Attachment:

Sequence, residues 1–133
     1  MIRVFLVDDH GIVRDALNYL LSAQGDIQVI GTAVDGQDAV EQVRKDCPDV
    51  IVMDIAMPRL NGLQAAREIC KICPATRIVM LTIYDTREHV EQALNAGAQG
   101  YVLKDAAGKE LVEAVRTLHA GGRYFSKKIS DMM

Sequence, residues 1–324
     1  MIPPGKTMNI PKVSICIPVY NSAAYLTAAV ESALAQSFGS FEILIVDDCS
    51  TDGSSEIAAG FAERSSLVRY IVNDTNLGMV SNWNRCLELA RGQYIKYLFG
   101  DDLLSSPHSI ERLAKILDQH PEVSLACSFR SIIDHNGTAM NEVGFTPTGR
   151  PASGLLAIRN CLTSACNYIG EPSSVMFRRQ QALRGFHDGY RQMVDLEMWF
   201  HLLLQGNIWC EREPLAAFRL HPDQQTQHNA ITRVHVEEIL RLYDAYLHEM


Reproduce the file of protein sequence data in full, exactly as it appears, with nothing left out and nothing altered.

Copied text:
Sequence, residues 1–133
     1  MIRVFLVDDH GIVRDALNYL LSAQGDIQVI GTAVDGQDAV EQVRKDCPDV
    51  IVMDIAMPRL NGLQAAREIC KICPATRIVM LTIYDTREHV EQALNAGAQG
   101  YVLKDAAGKE LVEAVRTLHA GGRYFSKKIS DMM

Sequence, residues 1–324
     1  MIPPGKTMNI PKVSICIPVY NSAAYLTAAV ESALAQSFGS FEILIVDDCS
    51  TDGSSEIAAG FAERSSLVRY IVNDTNLGMV SNWNRCLELA RGQYIKYLFG
   101  DDLLSSPHSI ERLAKILDQH PEVSLACSFR SIIDHNGTAM NEVGFTPTGR
   151  PASGLLAIRN CLTSACNYIG EPSSVMFRRQ QALRGFHDGY RQMVDLEMWF
   201  HLLLQGNIWC EREPLAAFRL HPDQQTQHNA ITRVHVEEIL RLYDAYLHEM